“Three Billboards Outside Ebbing, Missouri” is a story of vengeance and forgiveness.

The film is driven by well-developed characters and chance encounters that seem — and often are — too good to be true. The film’s witty humor is always at the foreground, ready to make even the most difficult moments bearable.

Writer and director Martin McDonagh expertly works with themes of tragedy and reconciliation to weave a tale about the resilience of the human condition.

Seven months after her daughter was brutally raped and killed, Mildred Hayes, played by Frances McDormand, is fed up. Frustrated with the failure of the police to catch the killer and suspicious that they have instead been spending their time harassing black people, she decides to rent three billboards at the site of the murder to challenge Police Chief Willoughby’s commitment to the case. The three boldly read “Raped while dying,” “And still no arrests?” and “How come, Chief Willoughby?”

The billboards create a storm of controversy in the rural town of Ebbing, Mo. Most everyone disapproves of the billboards, and the issue eventually estranges Mildred from her friends and family. When Willoughby makes a difficult decision about his own family and his worsening illness, Mildred comes under even more scrutiny, and her daughter’s murder case ends up in the hands of the unstable Officer Dixon.

What follows is a masterful blend of clever humor, chaotic violence and profound catharsis to create a film that is truly unforgettable. What makes this film so impressive is the multidimensional personalities of its characters.

Played with remarkable emotional depth by McDormand, Mildred is a walking paradox. She is stubborn yet charming and caring yet vengeful. Motivated primarily by the mystery of her daughter’s murder, she can be unreasonable. At one point in the film, she ostensibly wants Willoughby to round up all men and boys over 8 years old for questioning and DNA testing.

The guilt Mildred carries for failing to protect her daughter resurfaces from time to time, creating cracks in her otherwise tough facade. Mildred is, in other words, the perfect protagonist: She is a human, not a hero. After watching the film, it is apparent that anyone confronting tragedy of this scale could become similar to Mildred.

Willoughby, played by Woody Harrelson, is characterized similarly in that his flaws are measured alongside his good intentions. He is committed to his family and clearly cares about the people he loves, but he turns a blind eye to instances of racial profiling in his department. Played by Sam Rockwell, Dixon, who sees Willoughby as something of a father figure, is unfathomably incompetent at his job. His anger toward black people is exacerbated by his rampant alcoholism — most aptly symbolized by his penchant for Jose Cuervo margarita pouches.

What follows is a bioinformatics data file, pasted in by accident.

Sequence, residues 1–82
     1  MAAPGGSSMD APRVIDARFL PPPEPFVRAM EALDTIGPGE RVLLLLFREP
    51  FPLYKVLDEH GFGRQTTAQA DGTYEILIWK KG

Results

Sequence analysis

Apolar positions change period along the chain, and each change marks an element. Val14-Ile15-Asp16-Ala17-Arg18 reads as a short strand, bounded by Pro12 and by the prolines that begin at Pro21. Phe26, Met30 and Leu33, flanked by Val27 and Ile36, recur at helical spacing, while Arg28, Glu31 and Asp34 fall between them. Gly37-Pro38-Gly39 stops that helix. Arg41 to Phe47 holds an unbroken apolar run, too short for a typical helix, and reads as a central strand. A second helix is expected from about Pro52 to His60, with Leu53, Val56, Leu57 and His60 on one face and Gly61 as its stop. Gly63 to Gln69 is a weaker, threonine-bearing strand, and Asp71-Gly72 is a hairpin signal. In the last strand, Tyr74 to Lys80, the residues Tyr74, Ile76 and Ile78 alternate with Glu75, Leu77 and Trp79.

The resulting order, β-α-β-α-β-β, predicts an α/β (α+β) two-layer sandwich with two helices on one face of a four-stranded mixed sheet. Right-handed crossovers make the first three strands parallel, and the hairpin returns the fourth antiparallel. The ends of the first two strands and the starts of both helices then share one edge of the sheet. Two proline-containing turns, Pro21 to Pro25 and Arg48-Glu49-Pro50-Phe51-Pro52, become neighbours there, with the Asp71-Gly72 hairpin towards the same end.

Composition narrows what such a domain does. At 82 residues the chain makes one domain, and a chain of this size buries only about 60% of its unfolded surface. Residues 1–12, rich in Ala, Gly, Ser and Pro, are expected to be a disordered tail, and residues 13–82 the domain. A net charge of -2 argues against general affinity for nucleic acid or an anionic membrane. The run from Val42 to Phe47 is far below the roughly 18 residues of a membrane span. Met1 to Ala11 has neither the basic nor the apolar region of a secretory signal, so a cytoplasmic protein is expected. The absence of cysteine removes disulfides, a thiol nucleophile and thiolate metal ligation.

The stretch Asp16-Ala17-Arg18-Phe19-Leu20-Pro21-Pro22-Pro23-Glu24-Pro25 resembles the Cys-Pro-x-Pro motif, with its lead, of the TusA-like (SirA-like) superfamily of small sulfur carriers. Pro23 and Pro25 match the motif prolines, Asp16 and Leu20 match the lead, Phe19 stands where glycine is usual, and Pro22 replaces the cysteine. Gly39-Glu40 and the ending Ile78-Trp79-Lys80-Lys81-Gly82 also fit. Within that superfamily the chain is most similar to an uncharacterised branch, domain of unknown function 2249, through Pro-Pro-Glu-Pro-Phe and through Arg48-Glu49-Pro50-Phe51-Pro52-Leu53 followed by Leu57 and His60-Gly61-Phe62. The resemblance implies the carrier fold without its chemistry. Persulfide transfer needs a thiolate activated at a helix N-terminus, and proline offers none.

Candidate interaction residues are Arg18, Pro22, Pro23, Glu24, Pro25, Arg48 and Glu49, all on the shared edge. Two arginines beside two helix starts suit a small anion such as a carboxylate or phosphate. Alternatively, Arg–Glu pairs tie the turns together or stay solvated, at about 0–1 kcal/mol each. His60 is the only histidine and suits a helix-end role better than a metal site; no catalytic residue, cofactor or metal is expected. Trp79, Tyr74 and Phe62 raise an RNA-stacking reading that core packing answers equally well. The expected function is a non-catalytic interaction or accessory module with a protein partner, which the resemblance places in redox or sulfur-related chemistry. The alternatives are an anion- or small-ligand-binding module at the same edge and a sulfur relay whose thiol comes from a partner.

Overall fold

Dixon is perhaps the hardest character to redeem, but the film manages to do so with a combination of coincidence and genuine change of heart. After he overhears information about the murder in a bar, he risks his own safety to investigate further; his character arc reflects maturity and development, redeeming him as a hero in the audience’s eyes by the film’s conclusion.

McDonagh, best known for his 2008 film “In Bruges,” is an Irish playwright and director. In this film, his perspective as an outsider to the United States informs his treatment of racism and police brutality. For a film that does not directly address political issues, “Three Billboards” confirms the existence of racial division following the civil rights movement. Even Willoughby admits the problem to Mildred in the middle of the film, noting that nearly all of his police officers are racist.

This clarity of perspective, shared by other such outsiders in the American media like John Oliver and Trevor Noah, gives the film entirely different layers of complexity and meaning. Below the artifice of individual humor and personality, McDonagh hides the immense pain that each character endures.

The film’s humor is successful because of, not despite, this pain and asserts that joy can always shine through moments of despair and tragedy. McDonagh also picks the setting in a way that perfectly augments the coincidence-driven plot. The film unfolds in small-town Missouri, where everyone knows each other, there is only one local bar and chance encounters are even more likely.

It seems by the end of the film that the characters have learned their lessons; more specifically, they have all learned to respond to emptiness and pain in their lives with kindness and empathy. Collectively, they come to understand, forgive and help each other.

In this way, the film is incredibly hopeful: McDonagh seems to be insisting that people can change and that the world is redeemable. This rejection of cynicism is also reflected in the cinematography, by Ben Davis. The film opens with a shot of the three billboards covered in foreboding, pessimistic mist and closes with a shot of the same billboards on a warm, sunny day.

McDonagh avoids the tropes of happy and forlorn endings to conclude the film, leaving the audience with a reasonable hope that the conflict at the beginning of the film can be resolved peacefully. At the same time, he leaves the audience hanging, so that viewers may ruminate on the eerie possibility of violence.

Compelling character arcs and an emotionally driven plot pulls viewers into the small but fascinating world of “Three Billboards,” which they will not want to leave.

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